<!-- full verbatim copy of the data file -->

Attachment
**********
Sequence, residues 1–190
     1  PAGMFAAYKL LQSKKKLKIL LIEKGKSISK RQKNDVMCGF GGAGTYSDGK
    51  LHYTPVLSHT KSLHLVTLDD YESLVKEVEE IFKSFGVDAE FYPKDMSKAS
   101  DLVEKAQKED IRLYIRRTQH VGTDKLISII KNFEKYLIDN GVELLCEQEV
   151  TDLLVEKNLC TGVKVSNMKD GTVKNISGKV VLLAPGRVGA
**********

Sequence, residues 1–190
     1  PAGMFAAYKL LQSKKKLKIL LIEKGKSISK RQKNDVMCGF GGAGTYSDGK
    51  LHYTPVLSHT KSLHLVTLDD YESLVKEVEE IFKSFGVDAE FYPKDMSKAS
   101  DLVEKAQKED IRLYIRRTQH VGTDKLISII KNFEKYLIDN GVELLCEQEV
   151  TDLLVEKNLC TGVKVSNMKD GTVKNISGKV VLLAPGRVGA